Defining the U.S. Biosimilars Program: The FDA Regulators' Take

August 19, 2011

Janet Woodcock, the Director of the Center for Drug Evaluation and Research (CDER) at the FDA and her colleagues recently discussed the development of the U.S. BioSimilars Program in a perspective in the NEJM

Janet Woodcock, the Director of the Center for Drug Evaluation and Research (CDER) at the FDA and her colleagues recently discussed the development of the U.S. BioSimilars Program in a perspective in the NEJM (N Engl J Med 2011; 365:385-388).

The program is part of a movement to provide access to biologic products and therapies to patients that may not be able to receive the treatments due to high costs. The program was initiated upon approval by Congress of the Biologics Price Competition and Innovation (BPCI) Act in 2009. The BPCI Act authorized the FDA to oversee a shortened path for the approval of biologics that are "biosimilar" to already approved products, and the Affordable Care Act established a path for approval of biosimilars. The legislation allows for approval of biosimilars after the maker of the original patented biologic has had twelve years of patent exclusivity.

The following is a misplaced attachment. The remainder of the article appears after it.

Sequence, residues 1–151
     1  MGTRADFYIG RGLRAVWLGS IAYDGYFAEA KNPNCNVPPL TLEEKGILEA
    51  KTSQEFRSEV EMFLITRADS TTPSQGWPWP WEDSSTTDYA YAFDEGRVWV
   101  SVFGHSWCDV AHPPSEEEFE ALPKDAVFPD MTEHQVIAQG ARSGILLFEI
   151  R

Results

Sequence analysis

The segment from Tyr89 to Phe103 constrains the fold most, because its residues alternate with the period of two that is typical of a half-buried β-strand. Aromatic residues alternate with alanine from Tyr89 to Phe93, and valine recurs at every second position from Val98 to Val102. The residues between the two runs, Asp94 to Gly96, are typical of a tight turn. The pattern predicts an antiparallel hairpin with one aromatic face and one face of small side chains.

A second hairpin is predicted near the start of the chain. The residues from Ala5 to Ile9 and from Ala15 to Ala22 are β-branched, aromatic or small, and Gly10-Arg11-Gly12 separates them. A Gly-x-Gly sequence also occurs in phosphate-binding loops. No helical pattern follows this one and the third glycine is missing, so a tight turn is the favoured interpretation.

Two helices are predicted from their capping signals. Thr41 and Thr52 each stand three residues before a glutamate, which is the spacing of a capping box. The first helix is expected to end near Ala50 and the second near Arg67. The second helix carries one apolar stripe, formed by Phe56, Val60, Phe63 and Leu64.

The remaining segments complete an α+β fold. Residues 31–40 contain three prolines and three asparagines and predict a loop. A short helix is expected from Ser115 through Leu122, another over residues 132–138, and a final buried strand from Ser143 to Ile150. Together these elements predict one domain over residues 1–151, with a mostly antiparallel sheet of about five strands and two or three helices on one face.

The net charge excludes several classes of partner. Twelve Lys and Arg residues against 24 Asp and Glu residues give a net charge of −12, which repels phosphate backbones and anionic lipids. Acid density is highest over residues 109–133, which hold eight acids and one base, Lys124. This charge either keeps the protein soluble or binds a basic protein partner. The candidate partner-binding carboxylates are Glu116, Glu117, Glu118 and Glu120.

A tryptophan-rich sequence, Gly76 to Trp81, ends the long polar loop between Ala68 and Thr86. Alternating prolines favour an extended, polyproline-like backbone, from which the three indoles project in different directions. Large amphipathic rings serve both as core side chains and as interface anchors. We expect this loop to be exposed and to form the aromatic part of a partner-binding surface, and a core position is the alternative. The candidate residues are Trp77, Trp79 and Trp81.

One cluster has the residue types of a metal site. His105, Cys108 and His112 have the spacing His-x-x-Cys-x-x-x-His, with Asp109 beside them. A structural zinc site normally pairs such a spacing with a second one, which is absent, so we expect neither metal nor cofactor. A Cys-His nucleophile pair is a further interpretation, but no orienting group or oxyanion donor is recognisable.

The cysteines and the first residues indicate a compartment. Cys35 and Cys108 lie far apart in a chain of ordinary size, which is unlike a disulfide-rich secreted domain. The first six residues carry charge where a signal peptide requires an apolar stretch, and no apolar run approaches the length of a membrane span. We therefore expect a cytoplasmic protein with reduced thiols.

Biological products (biologics) are defined broadly as vaccines, antibodies, blood and blood components, allergenics, somatic cells, gene therapy, tissues and recombinant therapeutic proteins. Basically, complex molecules  that are produced by cells or extracted from cells that cannot be synthesized in a test tube. These products are typically expensive to develop and manufacture and come with a large price tag for patients.

The term "biosimilar" or "follow-on biologic" are essentially "me too" products that can be marketed after the expiration of a patent: biologics claim to have similar properties to the existing biologic product. However, unlike small molecules which have an exact chemical formula that's easily replicated, biologics are complex molecules that cannot be identical, only similar, because they are made by cells and not in a lab.

Biologics cause immunological responses, and minute differences in amino acids between biologics can produce vastly different reactions in a patient. Therefore, safety evaluation for these needs to be much more rigorous; potentially as rigorous as that for new FDA drug applications (NDA). The FDA does not currently allow the approval of generic biologics through the same, 1984 U.S. laws that allow for the abbreviated approval of nonbiological generic compounds.

While generic versions of biosimilars have been sold in Europe since 2006 (Hospira's Retacrit, a biosimilar of Amgen's erythropoietin, for example), the U.S. has been slower to create a biosimilars approval process and there is no deadline for establishing this approval pathway.

In November of 2010, the FDA held a two-day hearing on the potential approval pathway for biosimilars from pharmaceutical companies, pharmacy groups, academics, and doctors who treat patients with biologics.